In Japan’s Ishikawa Prefecture, the capital city of Kanazawa once rivaled Kyoto and Tokyo in terms of art, culture, and economic resources. While it may not sit upon the same lofty seat of power that it once did, the city has managed to retain every bit of its cultural and artistic charms. From expertly preserved historical buildings to traditional crafts carried into the modern generation, Kanazawa exemplifies what it means to move forward into the future without forgetting your past.
Kanazawa’s Golden History
From the moment you arrive at Kanazawa Station, it’s hard not to feel impressed by this city. Look up and you’ll find a massive glass and steel awning known as the umbrella; symbolic of the city sheltering its visitors from their famously rainy climate. Nearby, a towering red arch representative of the taiko drums the city is famous for expresses a desire to share their art and passion with the world.
Since the early 16th century, this coastal city has been Japan’s leading producer of gold leaf; gold alloy that has been pounded flat to seemingly impossibly thin measurements and applied to decorative crafts to add a touch of elegance. Kanazawa’s passion for gold leaf began when the first lord of the Kaga clan, Maeda Toshiie, ordered the production of gold leaf to decorate the spear tips of his soldiers who would be welcoming delegates of the Ming Dynasty. Today, like a modern day El Dorado, people travel from all over the world to visit this legendary golden city.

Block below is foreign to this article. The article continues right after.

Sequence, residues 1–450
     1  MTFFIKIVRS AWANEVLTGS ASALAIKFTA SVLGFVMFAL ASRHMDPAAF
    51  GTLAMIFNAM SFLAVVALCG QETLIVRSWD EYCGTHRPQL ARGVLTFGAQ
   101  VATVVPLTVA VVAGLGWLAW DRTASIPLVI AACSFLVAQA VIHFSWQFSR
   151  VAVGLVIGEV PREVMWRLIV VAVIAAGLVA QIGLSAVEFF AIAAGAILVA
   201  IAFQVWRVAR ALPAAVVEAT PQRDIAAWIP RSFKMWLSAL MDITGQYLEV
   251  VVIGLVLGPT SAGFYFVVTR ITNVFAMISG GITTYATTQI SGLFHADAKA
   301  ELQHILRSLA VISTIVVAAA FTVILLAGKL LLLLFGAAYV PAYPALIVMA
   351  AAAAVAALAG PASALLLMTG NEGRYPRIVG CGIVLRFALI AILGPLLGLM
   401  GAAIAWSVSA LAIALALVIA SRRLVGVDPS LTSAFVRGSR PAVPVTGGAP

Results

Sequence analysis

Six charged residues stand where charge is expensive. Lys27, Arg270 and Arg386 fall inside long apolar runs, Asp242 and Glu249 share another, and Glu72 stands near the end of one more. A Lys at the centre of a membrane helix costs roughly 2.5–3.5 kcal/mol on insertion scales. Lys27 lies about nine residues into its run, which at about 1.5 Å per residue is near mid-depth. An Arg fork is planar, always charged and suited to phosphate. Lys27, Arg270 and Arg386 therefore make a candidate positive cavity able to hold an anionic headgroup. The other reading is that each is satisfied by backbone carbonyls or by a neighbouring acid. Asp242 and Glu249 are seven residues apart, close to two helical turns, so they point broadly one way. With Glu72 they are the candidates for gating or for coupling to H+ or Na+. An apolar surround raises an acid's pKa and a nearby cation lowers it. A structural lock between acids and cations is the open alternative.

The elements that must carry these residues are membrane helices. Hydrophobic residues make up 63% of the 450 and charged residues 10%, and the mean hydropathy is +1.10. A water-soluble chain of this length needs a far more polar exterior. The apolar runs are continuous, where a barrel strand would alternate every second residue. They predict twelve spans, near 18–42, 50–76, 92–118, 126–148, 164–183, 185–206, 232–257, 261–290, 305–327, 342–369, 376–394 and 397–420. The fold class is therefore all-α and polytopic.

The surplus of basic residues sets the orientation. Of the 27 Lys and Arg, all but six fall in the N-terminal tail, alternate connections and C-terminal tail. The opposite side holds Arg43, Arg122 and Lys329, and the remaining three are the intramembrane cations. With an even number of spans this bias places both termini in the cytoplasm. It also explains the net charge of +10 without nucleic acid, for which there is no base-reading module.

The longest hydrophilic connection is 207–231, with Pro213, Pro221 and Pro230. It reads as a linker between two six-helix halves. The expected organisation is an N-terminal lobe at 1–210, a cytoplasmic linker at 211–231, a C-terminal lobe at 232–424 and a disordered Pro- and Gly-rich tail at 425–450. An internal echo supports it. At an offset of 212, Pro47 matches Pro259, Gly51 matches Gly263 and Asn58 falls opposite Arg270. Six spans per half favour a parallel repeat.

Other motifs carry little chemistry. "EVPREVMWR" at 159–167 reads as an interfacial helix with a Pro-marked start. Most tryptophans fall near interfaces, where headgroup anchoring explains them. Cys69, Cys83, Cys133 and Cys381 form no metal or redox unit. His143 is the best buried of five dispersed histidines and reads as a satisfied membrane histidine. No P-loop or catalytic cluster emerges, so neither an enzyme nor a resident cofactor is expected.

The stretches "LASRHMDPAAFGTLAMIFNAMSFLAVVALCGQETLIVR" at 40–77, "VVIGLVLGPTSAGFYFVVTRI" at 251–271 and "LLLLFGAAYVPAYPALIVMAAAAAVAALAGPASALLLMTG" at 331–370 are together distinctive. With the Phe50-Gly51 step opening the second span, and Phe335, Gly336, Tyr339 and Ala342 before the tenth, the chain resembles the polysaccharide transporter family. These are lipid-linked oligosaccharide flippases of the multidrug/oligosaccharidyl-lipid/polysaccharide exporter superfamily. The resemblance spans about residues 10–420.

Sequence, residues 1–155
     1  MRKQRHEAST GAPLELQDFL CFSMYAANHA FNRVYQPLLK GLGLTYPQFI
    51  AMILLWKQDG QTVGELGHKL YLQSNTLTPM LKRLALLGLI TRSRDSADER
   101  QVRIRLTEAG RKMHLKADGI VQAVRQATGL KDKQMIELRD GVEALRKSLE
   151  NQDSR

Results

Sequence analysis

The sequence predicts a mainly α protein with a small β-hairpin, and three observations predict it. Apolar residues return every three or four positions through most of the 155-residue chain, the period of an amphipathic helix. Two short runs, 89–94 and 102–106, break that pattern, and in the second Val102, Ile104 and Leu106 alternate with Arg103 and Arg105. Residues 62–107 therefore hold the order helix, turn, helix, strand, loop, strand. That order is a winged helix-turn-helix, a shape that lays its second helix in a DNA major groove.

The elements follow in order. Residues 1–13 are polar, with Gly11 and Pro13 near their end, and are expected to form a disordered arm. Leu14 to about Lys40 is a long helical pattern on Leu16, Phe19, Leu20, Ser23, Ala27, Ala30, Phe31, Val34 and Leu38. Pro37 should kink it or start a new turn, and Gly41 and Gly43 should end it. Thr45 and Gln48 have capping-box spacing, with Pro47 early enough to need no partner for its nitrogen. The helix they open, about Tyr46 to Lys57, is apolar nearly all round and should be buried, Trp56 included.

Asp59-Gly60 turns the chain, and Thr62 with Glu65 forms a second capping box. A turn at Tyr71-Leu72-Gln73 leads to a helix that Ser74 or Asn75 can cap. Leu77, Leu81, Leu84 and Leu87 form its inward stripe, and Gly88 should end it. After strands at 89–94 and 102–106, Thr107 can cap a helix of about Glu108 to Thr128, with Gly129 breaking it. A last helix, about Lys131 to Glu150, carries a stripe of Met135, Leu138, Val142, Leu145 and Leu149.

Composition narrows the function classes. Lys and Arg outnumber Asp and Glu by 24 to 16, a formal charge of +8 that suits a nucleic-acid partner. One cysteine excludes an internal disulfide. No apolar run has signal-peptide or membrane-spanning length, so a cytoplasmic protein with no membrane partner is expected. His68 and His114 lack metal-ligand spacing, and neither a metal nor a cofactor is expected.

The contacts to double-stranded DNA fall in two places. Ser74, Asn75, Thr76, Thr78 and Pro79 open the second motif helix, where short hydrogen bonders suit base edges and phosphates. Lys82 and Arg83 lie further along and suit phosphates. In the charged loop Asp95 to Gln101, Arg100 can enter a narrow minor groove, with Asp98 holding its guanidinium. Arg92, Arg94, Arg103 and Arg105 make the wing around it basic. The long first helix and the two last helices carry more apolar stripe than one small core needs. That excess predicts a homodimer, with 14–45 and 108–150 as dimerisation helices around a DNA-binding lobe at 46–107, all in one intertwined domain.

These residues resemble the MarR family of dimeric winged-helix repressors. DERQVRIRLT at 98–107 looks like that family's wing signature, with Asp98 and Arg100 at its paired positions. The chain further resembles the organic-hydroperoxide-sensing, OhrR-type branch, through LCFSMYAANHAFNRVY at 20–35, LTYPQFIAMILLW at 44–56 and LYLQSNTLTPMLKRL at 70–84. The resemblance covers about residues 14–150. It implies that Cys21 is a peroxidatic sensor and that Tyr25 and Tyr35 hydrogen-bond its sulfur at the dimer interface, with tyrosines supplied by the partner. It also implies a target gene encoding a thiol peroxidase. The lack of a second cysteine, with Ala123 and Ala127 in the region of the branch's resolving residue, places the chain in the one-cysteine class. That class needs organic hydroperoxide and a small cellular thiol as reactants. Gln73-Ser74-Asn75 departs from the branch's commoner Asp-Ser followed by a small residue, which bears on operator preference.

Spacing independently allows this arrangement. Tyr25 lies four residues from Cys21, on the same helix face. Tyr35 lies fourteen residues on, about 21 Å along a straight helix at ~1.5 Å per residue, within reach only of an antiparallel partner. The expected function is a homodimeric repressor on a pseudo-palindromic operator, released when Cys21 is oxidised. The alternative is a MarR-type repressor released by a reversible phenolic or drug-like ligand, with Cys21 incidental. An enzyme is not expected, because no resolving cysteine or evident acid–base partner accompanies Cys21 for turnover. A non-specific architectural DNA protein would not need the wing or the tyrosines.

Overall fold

The Kanazawa of Today
Thanks to the talent and perseverance of their craftsmen, Kanazawa has permanently cemented their position as Japan’s golden city. In fact, 99% of Japan’s total domestic gold leaf is now produced in Kanazawa alone. While gold leaf products can be purchased throughout the city, in order to truly appreciate the artistry that goes into working with this precious metal, it needs to be experienced up-close. At Hakukokan, visitors can see, feel, and even taste the local treasure that is gold leaf.